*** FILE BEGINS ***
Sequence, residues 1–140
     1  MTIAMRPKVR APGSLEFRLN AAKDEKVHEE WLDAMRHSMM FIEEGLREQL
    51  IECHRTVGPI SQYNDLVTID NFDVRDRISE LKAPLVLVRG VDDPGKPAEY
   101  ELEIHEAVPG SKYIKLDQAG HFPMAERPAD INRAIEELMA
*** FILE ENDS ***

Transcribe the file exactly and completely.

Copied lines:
Sequence, residues 1–140
     1  MTIAMRPKVR APGSLEFRLN AAKDEKVHEE WLDAMRHSMM FIEEGLREQL
    51  IECHRTVGPI SQYNDLVTID NFDVRDRISE LKAPLVLVRG VDDPGKPAEY
   101  ELEIHEAVPG SKYIKLDQAG HFPMAERPAD INRAIEELMA